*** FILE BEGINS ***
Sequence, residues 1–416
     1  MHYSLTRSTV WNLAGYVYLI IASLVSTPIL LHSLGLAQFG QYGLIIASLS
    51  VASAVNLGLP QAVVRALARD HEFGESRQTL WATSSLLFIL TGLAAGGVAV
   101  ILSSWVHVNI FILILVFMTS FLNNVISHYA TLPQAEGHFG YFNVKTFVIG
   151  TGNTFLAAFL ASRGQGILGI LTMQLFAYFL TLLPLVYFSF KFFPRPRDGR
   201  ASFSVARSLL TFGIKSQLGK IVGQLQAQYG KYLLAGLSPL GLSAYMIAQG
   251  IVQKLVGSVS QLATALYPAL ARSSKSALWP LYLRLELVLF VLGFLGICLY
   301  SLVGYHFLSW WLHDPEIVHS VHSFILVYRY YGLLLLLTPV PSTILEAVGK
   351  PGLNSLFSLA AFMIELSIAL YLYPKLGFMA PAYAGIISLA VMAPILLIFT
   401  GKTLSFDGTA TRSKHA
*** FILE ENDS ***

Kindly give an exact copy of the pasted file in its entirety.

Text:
Sequence, residues 1–416
     1  MHYSLTRSTV WNLAGYVYLI IASLVSTPIL LHSLGLAQFG QYGLIIASLS
    51  VASAVNLGLP QAVVRALARD HEFGESRQTL WATSSLLFIL TGLAAGGVAV
   101  ILSSWVHVNI FILILVFMTS FLNNVISHYA TLPQAEGHFG YFNVKTFVIG
   151  TGNTFLAAFL ASRGQGILGI LTMQLFAYFL TLLPLVYFSF KFFPRPRDGR
   201  ASFSVARSLL TFGIKSQLGK IVGQLQAQYG KYLLAGLSPL GLSAYMIAQG
   251  IVQKLVGSVS QLATALYPAL ARSSKSALWP LYLRLELVLF VLGFLGICLY
   301  SLVGYHFLSW WLHDPEIVHS VHSFILVYRY YGLLLLLTPV PSTILEAVGK
   351  PGLNSLFSLA AFMIELSIAL YLYPKLGFMA PAYAGIISLA VMAPILLIFT
   401  GKTLSFDGTA TRSKHA